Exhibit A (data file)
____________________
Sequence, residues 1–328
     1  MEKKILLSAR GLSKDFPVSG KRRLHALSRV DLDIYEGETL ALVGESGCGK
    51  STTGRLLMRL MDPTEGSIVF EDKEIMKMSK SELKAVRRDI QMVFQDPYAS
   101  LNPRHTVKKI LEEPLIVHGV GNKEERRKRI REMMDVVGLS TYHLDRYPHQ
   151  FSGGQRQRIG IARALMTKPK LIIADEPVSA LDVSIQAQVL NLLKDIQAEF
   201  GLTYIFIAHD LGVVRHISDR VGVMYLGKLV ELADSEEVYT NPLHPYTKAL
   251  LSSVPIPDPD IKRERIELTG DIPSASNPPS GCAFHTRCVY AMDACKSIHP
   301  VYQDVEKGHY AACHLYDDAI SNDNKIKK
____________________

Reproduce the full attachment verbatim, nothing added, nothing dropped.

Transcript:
Sequence, residues 1–328
     1  MEKKILLSAR GLSKDFPVSG KRRLHALSRV DLDIYEGETL ALVGESGCGK
    51  STTGRLLMRL MDPTEGSIVF EDKEIMKMSK SELKAVRRDI QMVFQDPYAS
   101  LNPRHTVKKI LEEPLIVHGV GNKEERRKRI REMMDVVGLS TYHLDRYPHQ
   151  FSGGQRQRIG IARALMTKPK LIIADEPVSA LDVSIQAQVL NLLKDIQAEF
   201  GLTYIFIAHD LGVVRHISDR VGVMYLGKLV ELADSEEVYT NPLHPYTKAL
   251  LSSVPIPDPD IKRERIELTG DIPSASNPPS GCAFHTRCVY AMDACKSIHP
   301  VYQDVEKGHY AACHLYDDAI SNDNKIKK